What McMorris-Rodgers, or any Republican, is really saying when she says Obamacare is unlikely to be repealed: She’s saying Republicans are unlikely to beat Hillary Clinton in 2016. Why? Well, every single Republican presidential candidate in 2016 will be in favor of repealing Obamacare. Every single one will have a proposal, from the bullet point to the massive white paper, for replacing Obamacare. Every single one will be insistent in response to the skepticism of their debate questioners that the law will be rolled back under their watch by any means necessary. And should one of them win, Obamacare’s rollback will be the first legislative item on the agenda. Even if Democrats retain control of the Senate, Republicans will attempt to dismantle the law.

The only realistic way this is not the case, of course, is if 1) Hillary Clinton becomes the next president of the United States. (That’s it – that’s the list.)

Now, it may be that it is also McMorris-Rodgers’ opinion that this is likely to come to pass – she’s certainly not alone in that opinion! – in which case she might as well say that, too.

Of course repeal of Obamacare will be challenging. There are a host of things in the Democratic and Republican agendas that are unlikely to come to pass. For McMorris-Rodgers’ party, it is also unlikely that the tax code will ever be dramatically reformed; that Paul Ryan’s Medicare reform will ever pass; that Social Security will be privatized; or that the balanced budget amendment to the Constitution will ever pass. Yet all these things are in their platform. Should they be removed because making them happen is difficult, politically?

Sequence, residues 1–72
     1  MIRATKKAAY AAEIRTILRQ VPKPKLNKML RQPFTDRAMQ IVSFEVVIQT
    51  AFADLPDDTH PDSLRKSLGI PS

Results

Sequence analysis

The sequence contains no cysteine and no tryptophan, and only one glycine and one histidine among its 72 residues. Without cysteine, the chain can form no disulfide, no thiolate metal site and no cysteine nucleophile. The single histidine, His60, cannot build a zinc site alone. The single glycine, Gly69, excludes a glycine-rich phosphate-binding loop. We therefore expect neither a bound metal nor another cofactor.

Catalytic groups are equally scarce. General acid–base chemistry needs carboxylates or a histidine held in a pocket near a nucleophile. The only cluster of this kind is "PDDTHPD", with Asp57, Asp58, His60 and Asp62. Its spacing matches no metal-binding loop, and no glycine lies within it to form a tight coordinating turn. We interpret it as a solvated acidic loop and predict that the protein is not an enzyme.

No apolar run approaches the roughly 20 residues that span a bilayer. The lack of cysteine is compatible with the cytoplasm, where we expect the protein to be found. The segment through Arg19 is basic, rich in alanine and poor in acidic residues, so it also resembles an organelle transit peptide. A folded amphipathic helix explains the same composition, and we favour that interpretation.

Politicians who run on repealing Obamacare who say they don’t anticipate being able to repeal Obamacare are essentially saying “we expect to lose,” which seems a pretty silly thing for an elected politician to be saying. You don’t get a lot of “we expect to lose” from underdog sports teams headed into a big game, even if they do. If you expect to lose, then you might as well throw in the towel and skip the game – or, in this case, stop working on public policy or electoral politics. You should particularly stop working on Republican alternatives to Obamacare, as it is a waste of time given the inevitable future election of Hillary Clinton and a Democratic Senate.

I realize some people are of a different mind on this topic – here, Avik Roy makes the case that Republicans should be making the case for reforming, not repealing, Obamacare. But I disagree. It’s clear at this point that Obamacare has consistently been the most reviled federal domestic policy in ages among voters; that a not-insignificant number of those enrolled in it are doing so not gladly, but because they have been forced against their will to be dependent on it; and that we have no idea what Obamacare will do to the marketplace – and people’s lives – over the coming years. If the trendlines continue on price and access and disruption, Obamacare’s negatives will continue to outweigh its positives, and the political feasibility of undoing it really depends only on the outcome of the 2016 election.

If you think losing to Hillary Clinton is inevitable, of course, it’s a moot point. But then, if you think after eight years of Barack Obama the country isn’t capable of putting an Obamacare opponent in the White House, proposing any politically challenging free market policy changes would be a moot point, too.